But heartbreaking they are -- gone in 30 minutes. After that, I get just the faintest whiff of a little mossy animalic, and the whole thing has disappeared in just under an hour.

Isn't that odd, that the topnotes would survive but the base be gone? Is that an effect of the hedione? You can sure see that this was a stop on Roudnitska's path from Eau d'Hermes to Eau Sauvage/Diorella. But I get no hint of the rotten fruit that's in Diorella and Femme.

JTD's review mentions it being a long-lasting cologne, but everyone else I've heard discuss it seems to get the same brief lifespan that I did.

It's a frail, fleeting thing, but while it lasts it's pure Roudnitska magic.

Edit: a fresh coat on top of the previous allows me to detect a bit more of the mossy animalic underneath all that juicy citrus. Even more beautiful.

Roudnitska was best known for his fruity chypres such as Femme, Diorama, Diorella to name a few. He was a classicist and one way he approached the chypre was to filter it through other genres, namely the fougère and the Eau de Cologne. The fougère placed bright aromatics on top of a mossy/woody base and the Eau de Cologne draped hesperidic lightness over musk. The chypre's high-low construction works from a similar principle and all three genres play with olfactory chiaroscuro.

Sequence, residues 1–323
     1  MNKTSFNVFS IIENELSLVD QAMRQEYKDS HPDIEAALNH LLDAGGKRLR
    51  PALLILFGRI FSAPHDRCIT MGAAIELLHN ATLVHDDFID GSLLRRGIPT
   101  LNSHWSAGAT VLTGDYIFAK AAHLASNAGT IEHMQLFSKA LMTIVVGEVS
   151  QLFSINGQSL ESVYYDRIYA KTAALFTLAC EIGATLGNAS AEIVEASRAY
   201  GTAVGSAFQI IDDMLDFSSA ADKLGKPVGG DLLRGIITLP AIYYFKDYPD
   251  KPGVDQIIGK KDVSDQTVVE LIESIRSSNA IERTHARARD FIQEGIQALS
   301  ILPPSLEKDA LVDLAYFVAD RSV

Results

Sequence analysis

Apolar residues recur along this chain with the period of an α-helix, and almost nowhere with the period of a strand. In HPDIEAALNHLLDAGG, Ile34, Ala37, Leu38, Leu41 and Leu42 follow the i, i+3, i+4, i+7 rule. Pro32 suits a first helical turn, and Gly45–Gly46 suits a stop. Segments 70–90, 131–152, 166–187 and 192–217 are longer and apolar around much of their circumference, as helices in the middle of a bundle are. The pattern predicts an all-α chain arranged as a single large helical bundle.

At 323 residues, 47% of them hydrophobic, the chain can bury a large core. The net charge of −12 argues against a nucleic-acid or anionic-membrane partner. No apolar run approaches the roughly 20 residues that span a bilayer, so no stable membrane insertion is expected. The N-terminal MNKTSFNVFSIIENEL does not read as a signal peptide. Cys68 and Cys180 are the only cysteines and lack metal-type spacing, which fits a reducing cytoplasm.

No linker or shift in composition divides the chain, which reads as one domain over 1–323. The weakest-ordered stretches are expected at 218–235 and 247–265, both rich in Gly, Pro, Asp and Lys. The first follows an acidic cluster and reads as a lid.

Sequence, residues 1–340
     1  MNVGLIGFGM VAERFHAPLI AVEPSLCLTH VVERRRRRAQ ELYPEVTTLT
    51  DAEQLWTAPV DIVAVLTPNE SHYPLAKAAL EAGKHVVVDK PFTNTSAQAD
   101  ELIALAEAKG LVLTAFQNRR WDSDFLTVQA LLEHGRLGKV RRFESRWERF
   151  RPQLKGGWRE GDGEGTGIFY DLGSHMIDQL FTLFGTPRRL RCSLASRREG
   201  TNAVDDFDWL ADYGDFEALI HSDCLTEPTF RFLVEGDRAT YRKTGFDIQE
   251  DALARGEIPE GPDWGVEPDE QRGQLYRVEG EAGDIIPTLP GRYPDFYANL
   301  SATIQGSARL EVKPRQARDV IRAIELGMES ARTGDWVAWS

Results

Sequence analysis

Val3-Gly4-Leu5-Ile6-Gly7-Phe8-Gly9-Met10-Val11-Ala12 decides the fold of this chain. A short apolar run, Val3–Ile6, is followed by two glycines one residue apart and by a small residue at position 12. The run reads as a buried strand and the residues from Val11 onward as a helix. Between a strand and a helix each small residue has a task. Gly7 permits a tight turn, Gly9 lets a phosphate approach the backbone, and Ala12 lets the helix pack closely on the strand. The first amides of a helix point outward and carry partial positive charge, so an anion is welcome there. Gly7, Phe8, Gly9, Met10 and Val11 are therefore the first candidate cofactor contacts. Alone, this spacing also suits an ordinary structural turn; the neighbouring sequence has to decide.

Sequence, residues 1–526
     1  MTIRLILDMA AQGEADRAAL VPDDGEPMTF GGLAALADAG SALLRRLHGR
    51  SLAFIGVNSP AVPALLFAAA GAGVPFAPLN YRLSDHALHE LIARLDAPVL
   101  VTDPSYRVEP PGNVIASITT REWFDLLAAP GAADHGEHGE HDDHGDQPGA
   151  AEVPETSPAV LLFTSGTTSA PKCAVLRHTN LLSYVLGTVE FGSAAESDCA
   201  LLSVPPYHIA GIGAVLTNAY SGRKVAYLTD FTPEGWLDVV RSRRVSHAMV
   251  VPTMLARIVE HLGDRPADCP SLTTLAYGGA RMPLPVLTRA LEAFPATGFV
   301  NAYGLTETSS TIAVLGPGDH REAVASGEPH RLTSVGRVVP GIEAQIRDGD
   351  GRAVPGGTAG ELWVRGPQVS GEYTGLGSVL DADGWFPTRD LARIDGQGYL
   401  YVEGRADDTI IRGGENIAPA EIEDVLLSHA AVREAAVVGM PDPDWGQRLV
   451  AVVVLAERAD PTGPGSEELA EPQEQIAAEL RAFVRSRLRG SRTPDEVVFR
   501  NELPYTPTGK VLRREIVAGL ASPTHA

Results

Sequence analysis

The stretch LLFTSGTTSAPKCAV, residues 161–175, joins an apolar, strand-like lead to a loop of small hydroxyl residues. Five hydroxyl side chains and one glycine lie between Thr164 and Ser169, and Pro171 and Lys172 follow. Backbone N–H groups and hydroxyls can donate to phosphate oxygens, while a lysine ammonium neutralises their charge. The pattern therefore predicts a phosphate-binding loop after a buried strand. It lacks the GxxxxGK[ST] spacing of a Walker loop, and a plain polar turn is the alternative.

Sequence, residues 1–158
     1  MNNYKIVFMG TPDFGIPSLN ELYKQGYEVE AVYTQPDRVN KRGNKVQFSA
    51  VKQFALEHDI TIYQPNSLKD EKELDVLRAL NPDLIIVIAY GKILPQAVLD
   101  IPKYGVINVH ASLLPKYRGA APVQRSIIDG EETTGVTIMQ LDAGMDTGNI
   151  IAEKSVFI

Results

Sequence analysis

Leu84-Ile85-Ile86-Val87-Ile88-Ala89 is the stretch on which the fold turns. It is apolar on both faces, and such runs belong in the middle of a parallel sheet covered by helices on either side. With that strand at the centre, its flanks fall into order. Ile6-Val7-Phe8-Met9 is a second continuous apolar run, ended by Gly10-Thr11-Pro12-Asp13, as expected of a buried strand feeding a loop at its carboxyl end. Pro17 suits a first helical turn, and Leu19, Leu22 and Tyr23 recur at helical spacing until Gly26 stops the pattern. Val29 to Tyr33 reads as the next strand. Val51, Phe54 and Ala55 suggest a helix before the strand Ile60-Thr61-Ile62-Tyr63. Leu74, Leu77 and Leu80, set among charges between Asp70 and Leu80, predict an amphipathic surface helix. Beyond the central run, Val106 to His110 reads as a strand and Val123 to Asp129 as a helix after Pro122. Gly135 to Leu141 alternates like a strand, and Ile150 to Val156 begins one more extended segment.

After mixing fruity and mossy tones in Femme, Roudnitska dug further into the hybrid form with Rochas Moustache and Eau d'Hermès. Moustache, composed with his wife Thérèse, joined the fougère with the chypre giving Moustache a ‘missing link' feel. Focussing on the similarities of the two genres, the Roudnitskas placed a lime and bergamot topnote on a soapy base to created a perfume that smells like each of the genres, depending on your angle of approach.

Eau d'Hermès laid the groundwork for the next logical hybrid, the one that would be the focus of much of his future career, the Chypre/Eau de Cologne hybrid. Eau d'Hermès's leathery, armpit of a drydown was one of Roudnitska's warning shots to the world of perfumery. Fresh is nice, but flesh wins the day.

Eau Fraiche, a somewhat ironic name, is another early example of the tendency. The momentum of animalic notes surpasses the delicacy of citric notes. Eau Fraiche bridged the the edc to the chypre, creating a unicorn: the durable cologne. Even in the era of Tonkin and nitro musks, eaux de cologne were fleeting. Combining the edc with a mossy base kept the shape of cologne but gave it longer legs. It combined two historically unisex forms to create a perfume that suited anyone who wore it.

Eau Fraiche was produced in once concentration: eau de cologne. It had the easy-to-love smile of cologne and the fitted quality of the chypre. It was charming and chic. It was optimistic and suited the post-war desire for a return to normalcy. I can easily imagine the 1950s Paris streets smelling of Eau Fraiche.